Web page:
June. 2, 1953: Britain's Queen Elizabeth II and Prince Philip, Duke of Edinburgh, as they wave to supporters from the balcony at Buckingham Palace, following her coronation. Photo / AP
June. 2, 1953: Britain's Queen Elizabeth II and Prince Philip, Duke of Edinburgh, as they wave to supporters from the balcony at Buckingham Palace, following her coronation. Photo / AP

The Duchess was then taken on a tour of the farm where she helped children - from Vauxhall in London - pot vegetable plants and plant onions in the allotments, as well as tending to the chicken coop.

Also yesterday, Kensington Palace said Prince Harry is to visit Singapore to stage a polo match in aid of his charity Sentebale and will also travel to Australia.

Harry will host the Singapore polo match in June in aid of his organisation based in Lesotho which provides support to African children living with HIV and Aids.

On Saturday, Harry was at Twickenham Stadium in South West London for the Army v Royal Navy annual rugby match.

Royal watchers are hoping to see Harry accompanied by his actress girlfriend Meghan Markle at the wedding of the Duchess of Cambridge's sister Pippa Middleton in Berkshire on May 20.

Other royal news yesterday concerned the centenary of the House of Windsor, which was commemorated with a new coin.

The Royal Family's name was radically switched 100 years ago in 1917 because of anti-German feeling during World War I.

Announcement a "canary in the mine"

Australia's top British Royalty expert, Associate Professor Giselle Bastin, says she suspects the announcement about Prince Philip is a precursor to the Queen stepping back from her duties as well.

The younger royals have already taken over much of the work, she pointed out.

"I kind of suspect this downgrading of his duties is a way of getting us used to the idea she's about to do the same. They often send a canary down the mine, usually a slightly lesser [royal] to try out the new thing and test the public's reaction a bit."

She thinks the public will barely notice the Queen stepping out of the limelight. "She'll just scale it back to the point where people won't notice she's not doing much at all. They will still keep their ceremonial duties, appearing on the balcony and waving every now and then. But they want the focus to go onto Charles a bit more - it's his to inherit so it makes sense to give him more screen time."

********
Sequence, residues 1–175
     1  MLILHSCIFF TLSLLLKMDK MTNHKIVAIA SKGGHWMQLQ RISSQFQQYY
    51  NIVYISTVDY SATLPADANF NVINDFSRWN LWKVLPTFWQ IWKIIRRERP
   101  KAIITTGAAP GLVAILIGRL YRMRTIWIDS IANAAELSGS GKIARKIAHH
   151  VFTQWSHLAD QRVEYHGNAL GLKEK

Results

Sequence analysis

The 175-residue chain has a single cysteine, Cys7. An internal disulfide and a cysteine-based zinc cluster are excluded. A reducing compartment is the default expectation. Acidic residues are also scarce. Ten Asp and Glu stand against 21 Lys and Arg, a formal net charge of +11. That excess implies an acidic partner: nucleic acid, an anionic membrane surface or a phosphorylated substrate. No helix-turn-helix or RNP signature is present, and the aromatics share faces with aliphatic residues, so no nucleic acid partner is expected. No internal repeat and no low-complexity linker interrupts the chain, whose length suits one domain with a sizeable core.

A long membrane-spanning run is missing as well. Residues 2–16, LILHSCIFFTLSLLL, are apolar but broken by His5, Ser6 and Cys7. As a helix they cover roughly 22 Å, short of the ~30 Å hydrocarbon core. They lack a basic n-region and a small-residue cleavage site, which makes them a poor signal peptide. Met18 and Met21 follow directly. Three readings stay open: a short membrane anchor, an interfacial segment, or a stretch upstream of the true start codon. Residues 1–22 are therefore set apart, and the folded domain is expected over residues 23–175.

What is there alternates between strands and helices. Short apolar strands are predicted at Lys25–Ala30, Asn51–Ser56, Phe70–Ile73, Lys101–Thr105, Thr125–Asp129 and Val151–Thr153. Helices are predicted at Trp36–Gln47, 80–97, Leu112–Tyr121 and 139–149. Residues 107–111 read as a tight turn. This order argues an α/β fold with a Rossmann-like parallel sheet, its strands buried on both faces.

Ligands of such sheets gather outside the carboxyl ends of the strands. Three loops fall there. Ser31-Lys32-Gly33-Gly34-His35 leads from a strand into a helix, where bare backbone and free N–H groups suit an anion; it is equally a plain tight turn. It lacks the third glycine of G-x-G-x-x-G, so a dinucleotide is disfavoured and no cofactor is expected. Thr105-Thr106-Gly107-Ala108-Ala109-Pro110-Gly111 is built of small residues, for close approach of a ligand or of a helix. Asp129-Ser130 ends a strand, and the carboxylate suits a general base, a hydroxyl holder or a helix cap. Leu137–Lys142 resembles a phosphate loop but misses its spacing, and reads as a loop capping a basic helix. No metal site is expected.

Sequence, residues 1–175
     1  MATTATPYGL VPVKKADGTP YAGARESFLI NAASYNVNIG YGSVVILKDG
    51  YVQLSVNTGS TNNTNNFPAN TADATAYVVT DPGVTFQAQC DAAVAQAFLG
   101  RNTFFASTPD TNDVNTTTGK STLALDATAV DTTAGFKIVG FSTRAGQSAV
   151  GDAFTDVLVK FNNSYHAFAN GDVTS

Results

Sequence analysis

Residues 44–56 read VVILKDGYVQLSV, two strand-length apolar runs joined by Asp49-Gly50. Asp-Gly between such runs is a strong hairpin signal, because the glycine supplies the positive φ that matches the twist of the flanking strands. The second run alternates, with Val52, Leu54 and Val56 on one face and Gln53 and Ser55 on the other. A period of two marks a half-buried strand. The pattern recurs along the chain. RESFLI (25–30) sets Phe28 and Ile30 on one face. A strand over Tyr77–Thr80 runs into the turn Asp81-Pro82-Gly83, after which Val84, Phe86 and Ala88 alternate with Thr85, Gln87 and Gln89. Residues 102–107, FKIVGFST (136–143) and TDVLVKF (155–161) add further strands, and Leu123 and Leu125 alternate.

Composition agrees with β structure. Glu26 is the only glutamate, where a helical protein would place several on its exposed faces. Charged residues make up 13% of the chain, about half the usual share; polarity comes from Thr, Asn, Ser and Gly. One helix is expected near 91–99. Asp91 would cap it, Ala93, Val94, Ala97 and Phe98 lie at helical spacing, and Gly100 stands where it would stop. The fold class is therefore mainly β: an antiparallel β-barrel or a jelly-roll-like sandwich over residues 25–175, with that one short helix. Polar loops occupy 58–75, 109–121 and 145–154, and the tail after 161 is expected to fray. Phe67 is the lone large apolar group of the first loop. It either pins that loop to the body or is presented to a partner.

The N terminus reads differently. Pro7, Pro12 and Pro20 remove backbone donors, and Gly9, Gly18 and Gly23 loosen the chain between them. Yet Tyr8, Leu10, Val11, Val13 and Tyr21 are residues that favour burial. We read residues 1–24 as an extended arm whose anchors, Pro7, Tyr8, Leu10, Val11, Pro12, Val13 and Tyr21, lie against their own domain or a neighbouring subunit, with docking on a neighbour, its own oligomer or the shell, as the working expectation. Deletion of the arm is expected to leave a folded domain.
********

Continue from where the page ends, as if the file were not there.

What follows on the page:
Philip stepping down is "absolutely understandably given the man's age - how many people are working at all at 95"?

"He's followed causes he's pretty passionate about - the World Wildlife Fund, housing developments; he hasn't shirked his duties at all. Not always perhaps as graciously as he might have but he has kept his side of the bargain."

"He just must be very tired. He can still keep abreast of things without going out shaking hands and unveiling plaques like he has done for 60-odd years."

She was doubtful that anyone had died yesterday. If Queen Elizabeth dies the code phrase is "London Bridge is down" (although now that has been widely publicised it has probably been changed, she said). Prince Philip's code phrase will be "Forth Bridge is down" but she suspected Forth Bridge was very much still standing.

"Something was not making sense, especially that they were recalling the household. If it was a significant death they wouldn't recall the household - they would just bunker down, there would be a media blackout with nothing said.

"It's almost as if someone got the wrong end of the stick and went crazy with it. I wouldn't really believe anything had happened till members of the family turned up at Buckingham Palace - because like most families, they want all the family members to be informed before the word gets out. It seemed very odd. And specially as he was seen yesterday looking robust for his age. She was too."

She thought the announcement might have been about the snap election being called - it would have interrupted the Queen's annual week at Ascot which the monarch would have been upset about.

"Nonetheless it was an interesting exercise, because it gave us a glimpse into what is going to be really inevitable quite soon."

She believes the royals "absolutely love" the furious speculation that happened yesterday. "It shows how much they do matter - they love that affirmation because they're there to be seen. If everyone went 'Whatever, let's get back to watching the Great British Bakeoff' that would give them cause for concern."

- Additional reporting NZ Herald